“Bowie caught the drift of the powerful N.L. owners and went that way,” Griffith said. “It was the safe way for him.”

Neither Kuhn nor Hoynes was a labor lawyer, and they didn’t understand that arbitrators’ rulings were virtually never overturned in court. Seitz’s subsequent ruling against the owners was upheld in federal court in Kansas City, Mo., and on appeal.

Kuhn continued to rail against free agency, saying it would destroy the game, but the economic growth that some have attributed to his leadership actually began with the advent of free agency.

Major League Baseball set attendance records the first three years after free agency began after the 1976 season; attendance rose nearly 40 percent.

Some obituaries credited Kuhn with growth through expansion, but only two of the majors’ 14 expansion teams came into existence during his tenure. Four teams began life in his first year, but they were obviously born before Kuhn became the commissioner.

Some obituaries cited the escalation of player salaries during his tenure, but they rose in spite of him, not because of him.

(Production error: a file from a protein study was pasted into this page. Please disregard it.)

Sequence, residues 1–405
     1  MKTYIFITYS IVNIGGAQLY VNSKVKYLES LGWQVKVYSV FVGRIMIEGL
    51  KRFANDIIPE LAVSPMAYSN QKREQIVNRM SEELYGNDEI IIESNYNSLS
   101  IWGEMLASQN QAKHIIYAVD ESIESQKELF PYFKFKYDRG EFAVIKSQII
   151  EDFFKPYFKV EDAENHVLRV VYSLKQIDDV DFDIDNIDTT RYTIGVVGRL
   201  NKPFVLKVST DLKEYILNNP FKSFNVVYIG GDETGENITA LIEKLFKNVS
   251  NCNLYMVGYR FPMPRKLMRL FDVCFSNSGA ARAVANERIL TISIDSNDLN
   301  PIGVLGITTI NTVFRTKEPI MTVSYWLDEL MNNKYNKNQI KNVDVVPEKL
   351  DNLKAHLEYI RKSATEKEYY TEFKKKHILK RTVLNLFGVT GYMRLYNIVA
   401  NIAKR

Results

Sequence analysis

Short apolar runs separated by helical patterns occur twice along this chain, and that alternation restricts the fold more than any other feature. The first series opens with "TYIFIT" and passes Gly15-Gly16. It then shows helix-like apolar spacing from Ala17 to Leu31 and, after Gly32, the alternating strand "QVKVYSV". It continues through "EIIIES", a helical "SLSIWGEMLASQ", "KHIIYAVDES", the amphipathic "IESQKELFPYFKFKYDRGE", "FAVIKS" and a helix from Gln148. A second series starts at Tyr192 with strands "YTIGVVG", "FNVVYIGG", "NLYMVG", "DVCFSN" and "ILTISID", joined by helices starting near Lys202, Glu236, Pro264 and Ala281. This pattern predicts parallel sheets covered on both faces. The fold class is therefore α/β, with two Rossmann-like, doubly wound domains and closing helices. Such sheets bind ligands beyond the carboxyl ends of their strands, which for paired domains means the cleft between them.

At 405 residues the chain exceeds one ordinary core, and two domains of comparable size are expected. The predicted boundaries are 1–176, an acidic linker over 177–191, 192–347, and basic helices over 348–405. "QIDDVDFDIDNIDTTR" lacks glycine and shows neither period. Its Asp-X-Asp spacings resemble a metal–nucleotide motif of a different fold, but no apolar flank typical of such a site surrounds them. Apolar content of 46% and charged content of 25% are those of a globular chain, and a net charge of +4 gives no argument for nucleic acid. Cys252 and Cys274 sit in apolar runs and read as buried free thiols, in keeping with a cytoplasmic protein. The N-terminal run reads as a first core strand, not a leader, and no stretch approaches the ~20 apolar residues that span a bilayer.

Selig said the other day that baseball was at its present state in large part because of many seeds that “were planted in the Kuhn era.”

But Kuhn’s seeds more likely turned into dandelions.

Perhaps the best story relating to the idea that Kuhn was the commissioner of the players as well as the owners occurred during labor negotiations in 1976.

Miller and his general counsel, Richard Moss, arrived early for a bargaining session at the 42nd Street office of John Gaherin, the clubs’ negotiator. As they sat in Gaherin’s office, they heard some movement in another part of the office.

Moss went to the door to see what was going on, and there were Kuhn and his chief aide, Sandy Hadden, stealthily leaving by a back door.

“I can’t help what goes on here,” Miller said Gaherin told them later, “but they come in here, which they have a right to do. They said they didn’t want to be seen here. I give them space in a back office. They have to pretend that they’re neutral.”

SEASONINGS: It is getting hard to believe.

This from the AP in the last 16 days:

A.J. Nicholson, linebacker for the Cincinnati Bengals, was sentenced to 2 months in a work program and 2 years probation for burglary and grand theft.